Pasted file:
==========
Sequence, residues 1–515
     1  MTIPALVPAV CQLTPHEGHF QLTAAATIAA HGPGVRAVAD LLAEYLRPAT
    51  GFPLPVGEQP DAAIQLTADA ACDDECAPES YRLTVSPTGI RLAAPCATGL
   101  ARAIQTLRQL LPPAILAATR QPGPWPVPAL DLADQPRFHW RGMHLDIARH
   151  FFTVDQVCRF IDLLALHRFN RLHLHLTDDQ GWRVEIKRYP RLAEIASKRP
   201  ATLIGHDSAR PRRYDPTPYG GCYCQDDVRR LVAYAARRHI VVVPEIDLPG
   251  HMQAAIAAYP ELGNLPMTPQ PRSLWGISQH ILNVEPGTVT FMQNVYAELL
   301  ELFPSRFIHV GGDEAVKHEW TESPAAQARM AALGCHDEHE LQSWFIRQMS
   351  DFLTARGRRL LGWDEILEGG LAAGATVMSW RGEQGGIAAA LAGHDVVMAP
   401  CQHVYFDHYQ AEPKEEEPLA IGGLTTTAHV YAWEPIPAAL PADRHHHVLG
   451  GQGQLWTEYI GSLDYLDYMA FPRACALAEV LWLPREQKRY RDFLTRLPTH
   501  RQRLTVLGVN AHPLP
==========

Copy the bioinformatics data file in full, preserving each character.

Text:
Sequence, residues 1–515
     1  MTIPALVPAV CQLTPHEGHF QLTAAATIAA HGPGVRAVAD LLAEYLRPAT
    51  GFPLPVGEQP DAAIQLTADA ACDDECAPES YRLTVSPTGI RLAAPCATGL
   101  ARAIQTLRQL LPPAILAATR QPGPWPVPAL DLADQPRFHW RGMHLDIARH
   151  FFTVDQVCRF IDLLALHRFN RLHLHLTDDQ GWRVEIKRYP RLAEIASKRP
   201  ATLIGHDSAR PRRYDPTPYG GCYCQDDVRR LVAYAARRHI VVVPEIDLPG
   251  HMQAAIAAYP ELGNLPMTPQ PRSLWGISQH ILNVEPGTVT FMQNVYAELL
   301  ELFPSRFIHV GGDEAVKHEW TESPAAQARM AALGCHDEHE LQSWFIRQMS
   351  DFLTARGRRL LGWDEILEGG LAAGATVMSW RGEQGGIAAA LAGHDVVMAP
   401  CQHVYFDHYQ AEPKEEEPLA IGGLTTTAHV YAWEPIPAAL PADRHHHVLG
   451  GQGQLWTEYI GSLDYLDYMA FPRACALAEV LWLPREQKRY RDFLTRLPTH
   501  RQRLTVLGVN AHPLP